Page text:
Running though a couple of practice CRE exams recently (yeah, I know I should get out more…) found a few formulas kept coming up in the questions. While it is not a complete list of equation you’ll need for the exam, the following five will help in many of the questions. They seem popular maybe because the relate to key concepts in the body of knowledge, or they are easy to use in question creation. I do not know why.

The exponential reliability function.

$$ \large\displaystyle R\left( t \right)={{e}^{-\lambda t}}={{e}^{-{}^{t}\!\!\diagup\!\!{}_{\theta }\;}}\text{, where }\theta ={}^{1}\!\!\diagup\!\!{}_{\lambda }\;$$

This formula provides the probably of success at time t given either the failure rate, λ, or the MTBF (or MTTF), θ.

Note: as many of you know, I do not like the use of MTBF in general and would prefer the exponential distribution to find less prominence in the CRE Body of Knowledge, yet it is there and probably the most common formula used in the exam. Alas. Once you get your certification or want to improve your reliability engineering skills, see my other blog at nomtbf.com.

The failure rate, λ, or the MTBF (or MTTF), θ, are determined using the simple formula

$$ \large\displaystyle \theta ={}^{1}\!\!\diagup\!\!{}_{\lambda }\;=\frac{\text{Total time}}{\text{number of failures}}$$

The total time is all time the units are on test. So, if there are three units tested for 500 hours and one fails at 400 hours (not replaced), the total time is 500 + 500 + 400 = 1,400 hours. And the total number of failures is one. Thus we would find θ = 1,400 / 1 = 1,400 hours. The inverse is the failure rate.

See the post on Exponential Reliability for more details.

The next two are related as they deal with reliability modeling using reliability block diagrams, RBD. The series model has units arranged such that any one item that fails causes the system to fail. The formula for three units is

$$ \large\displaystyle {{R}_{system}}={{R}_{1}}\times {{R}_{2}}\times {{R}_{3}}$$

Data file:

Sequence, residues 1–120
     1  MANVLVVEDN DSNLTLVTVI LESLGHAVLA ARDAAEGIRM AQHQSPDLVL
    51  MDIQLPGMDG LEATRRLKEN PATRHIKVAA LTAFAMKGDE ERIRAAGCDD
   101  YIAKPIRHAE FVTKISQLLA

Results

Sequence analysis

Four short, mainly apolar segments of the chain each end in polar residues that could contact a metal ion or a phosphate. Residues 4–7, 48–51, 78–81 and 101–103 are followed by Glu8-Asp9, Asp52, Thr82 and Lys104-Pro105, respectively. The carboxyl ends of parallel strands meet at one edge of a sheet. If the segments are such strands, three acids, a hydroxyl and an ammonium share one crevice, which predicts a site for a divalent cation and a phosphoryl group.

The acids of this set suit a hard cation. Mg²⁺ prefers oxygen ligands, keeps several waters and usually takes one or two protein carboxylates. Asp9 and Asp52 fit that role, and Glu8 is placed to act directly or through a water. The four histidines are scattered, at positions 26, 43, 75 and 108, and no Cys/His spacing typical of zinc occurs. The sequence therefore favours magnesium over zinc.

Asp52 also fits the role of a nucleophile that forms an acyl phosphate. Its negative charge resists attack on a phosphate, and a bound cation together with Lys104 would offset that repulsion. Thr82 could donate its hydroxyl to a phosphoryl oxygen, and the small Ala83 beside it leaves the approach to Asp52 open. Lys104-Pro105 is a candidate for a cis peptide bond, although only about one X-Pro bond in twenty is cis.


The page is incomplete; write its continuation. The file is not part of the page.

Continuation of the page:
This obviously generalizes to any string of items in series. A nice trick is when all the individual items are described by an exponential distribution, one then can add the failure rates (not MTBF’s) to find the system failure rate, then do the exponential calculation once to find the system reliability.

The related formula is for the parallel structure. If two items are in parallel, then the formula is

$$ \large\displaystyle {{R}_{system}}=1-\left[ \left( 1-{{R}_{1}} \right)\left( 1-{{R}_{2}} \right) \right]$$

The 1-R is the unreliability at time t, which permits multiplying the unreliabilities as they are now in a series structure, then another 1 minus the result to bring back to reliability. this again is scalable for any number of units in parallel.

See this list of posts for more details around these concepts and formulas.

The last formula is the binomial.

$$ \large\displaystyle P\left( x,n,p \right)=\left( \begin{array}{l}n\\x\end{array} \right){{p}^{x}}{{\left( 1-p \right)}^{n-x}}$$

Only useful when an experiment only has two possible outcomes (i.e. pass/fail, blue/green, etc.) The formal above is the probability of exactly x successes in n trials with a probability of success equal to p on each trial.

Looks like I need to write an article on the binomial distribution.

Each of these formulas appeared a few times in each practice exam I did. Of course, your exam may be quite different, yet knowing these formulas and how to use them will serve you well as a reliability professional.

What do you see as the most common formulas? Let me know if I need to add to the above list.

Related:

Exponential Reliability (article)

The Exponential Distribution (article)

Using The Exponential Distribution Reliability Function (article)

Keron says

Also: Z=(X-xbar)/std dev

Fred Schenkelberg says

Agree the standard normal formula is quite useful as they do have a penchant for problems that require the standard normal table.

cheers,

Fred